During confirmation hearings for the next U.S. Defense Secretary, it was appalling to observe several senators haggling with Chuck Hagel over whether the surge during the disastrous U.S.-Iraqi preemptive war and military occupation was a success or not. Faced with enormous military crises and other armed blunders around the world, including a series of recent attacks against U.S. embassies and the ongoing drone wars, they instead attempted to trap Hagel with a statement made back in January of 2007. Reminding Hagel that he claimed then-President George W. Bush‘s troops surge in Iraq was “the most dangerous foreign policy blunder…since Vietnam,” Senator John McCain asked, “Were you correct in your assessment? …Were you right or wrong? …Yes or No?” Hagel refused to answer such a framed question with an overly simplistic answer. Instead, he insisted that since the U.S.-Iraqi War was wrong, debating and answering if the surge was successful or not was much more complicated than a “yes” or “no” reply, and that he would like to defer that judgment to history. McCain then roared back declaring: “I think history has already made a judgment about the surge, sir, and you are on the wrong side of it.”
Actually, history is on the side of Hagel starting with Sun Tzu, who during China’s Warring States Period not only wrote that an army should avoid strength and attack weakness, but that it should avoid being deceived, it should stress intelligence and knowledge of one’s opponent, and it should guard morale while calculating the outcome of the conflict. Since Iraq’s major strength has always been its fervent and zealous nationalism, preemptively invading Iraq was the worst kind of action the U.S. could have committed, let alone militarily occupying the predominantly Islamic and Arab country with hundreds of thousands of armed troops. The U.S. also deceived itself into thinking that Saddam Hussein was either developing or hiding weapons of mass destruction, which was continually discounted by U.N. inspectors and experts. And while U.S. knowledge about dozens of Shiite, Kurdish, Sunni, Sh’ia Arabs, and other Separatist groups were extremely limited, even absent, the death toll of the U.S.-led military invasion and occupation has been 1.2 million people. One in five Iraqi families have lost a loved one, entire ethnic and religious communities, along with architectural and historical sites, have practically disappeared.
The Bush Administration’s 2007 surge, which was a political ploy just before the 2008 election, did little to boost U.S. troop and national, economic, and social morale. Even today, the U.S. still suffers greatly under the strains of the U.S.-Iraqi War, including the debts that have incurred due to sacrificing enormous amounts of both life and material resources. But not only was the pretext for war a lie, the peace in Iraq proved more difficult than the war, including the surges. (Recall too that there was an earlier surge just before the 2004 elections in which U.S. forces stepped up efforts to eradicate insurgents in Iraq.) Neither did Iraq have connections with al-Qaeda, nor was it a sponsor of terrorism as the Bush Administration continually maintained. Those grilling Hagel were also quick to forget the intense battles and slaughter houses that took place in Nasiriyah, Basra, Baghdad, Fallujah, and the Sunni Triangle. They dismissed America‘s new role, shifting from liberator to unwanted occupier, along with its decline in respectability and credibility. In the context of the U.S.-Iraqi War as a ill-fated conflict, then, American troops should have been withdrawn as quickly as possible. To continue troop surges in a mistaken war merely serves to repeat the initial wrong, does it not?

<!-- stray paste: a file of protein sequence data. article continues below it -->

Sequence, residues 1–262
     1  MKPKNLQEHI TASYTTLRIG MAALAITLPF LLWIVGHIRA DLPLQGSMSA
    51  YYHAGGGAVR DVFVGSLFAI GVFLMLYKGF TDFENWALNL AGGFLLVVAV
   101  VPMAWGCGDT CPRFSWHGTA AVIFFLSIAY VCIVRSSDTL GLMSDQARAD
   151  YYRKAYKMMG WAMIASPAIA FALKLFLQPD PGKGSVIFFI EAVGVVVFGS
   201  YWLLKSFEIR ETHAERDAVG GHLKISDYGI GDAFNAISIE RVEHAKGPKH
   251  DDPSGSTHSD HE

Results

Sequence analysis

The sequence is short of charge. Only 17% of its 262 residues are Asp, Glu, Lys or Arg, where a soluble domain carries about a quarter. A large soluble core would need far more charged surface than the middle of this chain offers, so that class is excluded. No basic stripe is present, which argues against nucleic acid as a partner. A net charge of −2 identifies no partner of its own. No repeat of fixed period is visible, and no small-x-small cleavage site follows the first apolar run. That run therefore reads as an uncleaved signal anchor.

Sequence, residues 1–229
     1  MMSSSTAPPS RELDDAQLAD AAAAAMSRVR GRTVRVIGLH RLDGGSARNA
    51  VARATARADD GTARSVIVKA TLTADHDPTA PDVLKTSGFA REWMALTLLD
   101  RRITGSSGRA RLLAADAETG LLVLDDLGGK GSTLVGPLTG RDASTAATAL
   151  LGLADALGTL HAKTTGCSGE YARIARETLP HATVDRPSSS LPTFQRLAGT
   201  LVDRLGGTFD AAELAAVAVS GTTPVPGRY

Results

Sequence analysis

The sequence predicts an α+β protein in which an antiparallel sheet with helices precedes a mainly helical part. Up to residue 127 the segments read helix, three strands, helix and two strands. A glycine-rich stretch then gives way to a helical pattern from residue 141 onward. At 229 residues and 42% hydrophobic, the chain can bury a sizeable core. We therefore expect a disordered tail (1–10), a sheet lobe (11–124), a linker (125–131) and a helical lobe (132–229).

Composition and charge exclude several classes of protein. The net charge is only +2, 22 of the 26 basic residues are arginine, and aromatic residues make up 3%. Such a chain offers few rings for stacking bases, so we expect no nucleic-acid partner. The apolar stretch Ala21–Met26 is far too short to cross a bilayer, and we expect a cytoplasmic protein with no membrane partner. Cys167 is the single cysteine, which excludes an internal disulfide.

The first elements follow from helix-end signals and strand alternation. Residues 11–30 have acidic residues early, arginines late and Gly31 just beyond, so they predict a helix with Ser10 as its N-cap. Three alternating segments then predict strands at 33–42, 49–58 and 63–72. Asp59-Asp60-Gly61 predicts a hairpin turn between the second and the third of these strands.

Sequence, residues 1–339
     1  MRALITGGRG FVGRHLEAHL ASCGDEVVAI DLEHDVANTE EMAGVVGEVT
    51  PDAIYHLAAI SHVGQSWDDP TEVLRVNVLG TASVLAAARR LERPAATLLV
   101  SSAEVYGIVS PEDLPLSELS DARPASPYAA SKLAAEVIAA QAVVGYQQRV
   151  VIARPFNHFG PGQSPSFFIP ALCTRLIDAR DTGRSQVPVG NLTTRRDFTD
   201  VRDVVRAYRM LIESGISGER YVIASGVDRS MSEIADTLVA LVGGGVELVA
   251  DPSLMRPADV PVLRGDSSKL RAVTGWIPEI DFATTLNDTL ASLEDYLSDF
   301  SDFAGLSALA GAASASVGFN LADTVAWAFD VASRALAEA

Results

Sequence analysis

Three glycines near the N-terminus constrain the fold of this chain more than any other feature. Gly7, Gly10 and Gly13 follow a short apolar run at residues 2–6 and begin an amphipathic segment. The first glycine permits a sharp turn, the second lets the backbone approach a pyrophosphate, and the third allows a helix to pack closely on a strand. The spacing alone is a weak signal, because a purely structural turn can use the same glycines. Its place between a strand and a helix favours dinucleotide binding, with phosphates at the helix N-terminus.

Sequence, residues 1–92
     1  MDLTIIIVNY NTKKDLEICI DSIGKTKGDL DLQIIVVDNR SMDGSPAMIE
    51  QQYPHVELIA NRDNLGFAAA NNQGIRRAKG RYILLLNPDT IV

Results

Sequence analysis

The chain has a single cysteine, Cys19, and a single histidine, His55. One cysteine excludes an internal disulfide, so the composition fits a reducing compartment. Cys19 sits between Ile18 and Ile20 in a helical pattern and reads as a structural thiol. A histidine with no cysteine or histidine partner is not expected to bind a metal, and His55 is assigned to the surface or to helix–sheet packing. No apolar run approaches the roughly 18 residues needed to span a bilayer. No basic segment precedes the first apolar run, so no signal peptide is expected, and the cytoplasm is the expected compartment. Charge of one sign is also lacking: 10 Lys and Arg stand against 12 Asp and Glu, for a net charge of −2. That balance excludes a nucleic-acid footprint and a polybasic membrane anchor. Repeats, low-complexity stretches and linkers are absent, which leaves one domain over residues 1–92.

When killing and death rates finally started to drop, it was due to a more indigenous context and “on the ground” reasons, such as millions of less people living in Iraq and the deaths of hundreds of thousands of insurgents, sectarians, and innocent civilians. While U.S. presence only provoked more hostility and conflict, surrounding Arab and Islamic nations started to help improve Iraq’s stability and security. But today, the practice of history in the U.S. is very ethnic- and socio-centric. It is also individualistic, in which the powerful few write only about themselves. Self-centered political and military leaders might seduce their nation to forget about the past by attempting to rewrite history, but the past, most assuredly, will not forget about either of them. The experience of dead generations, especially those who died on needless battlefields or in their civilian homes, “weighs like a nightmare on the brain of the living.” It is obvious that when the Bush Administration announced Saddam Hussein’s regime had something to hide from the civilized world, they were really referring to themselves. Realizing their costly error, the troop surges were another deception, another type of propaganda. Like other past empires that have overextended themselves, the U.S.-Iraq War was another road to ruin.
No, Senator McCain, and just like the costly U.S.-Vietnam War that killed over 4 million people, history has, is, and will continue to prove that Hagel is on the right side. And if an army should attack its enemies weakness, at some point should not a nation address its own faults too? Specifically how it misinterprets history, using it as a wedge to confuse and divide or promote a false sense of pride and patriotism.
Dallas Darling (firstname.lastname@example.org)